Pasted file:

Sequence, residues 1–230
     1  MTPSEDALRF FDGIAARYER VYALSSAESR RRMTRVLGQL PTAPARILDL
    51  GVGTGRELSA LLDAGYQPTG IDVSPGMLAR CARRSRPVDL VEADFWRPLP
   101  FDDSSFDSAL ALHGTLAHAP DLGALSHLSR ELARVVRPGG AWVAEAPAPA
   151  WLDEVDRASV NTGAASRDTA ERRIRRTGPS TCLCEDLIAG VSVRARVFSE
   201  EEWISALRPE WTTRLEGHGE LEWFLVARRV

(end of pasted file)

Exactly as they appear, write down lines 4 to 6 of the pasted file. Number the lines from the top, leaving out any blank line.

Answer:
   101  FDDSSFDSAL ALHGTLAHAP DLGALSHLSR ELARVVRPGG AWVAEAPAPA
   151  WLDEVDRASV NTGAASRDTA ERRIRRTGPS TCLCEDLIAG VSVRARVFSE
   201  EEWISALRPE WTTRLEGHGE LEWFLVARRV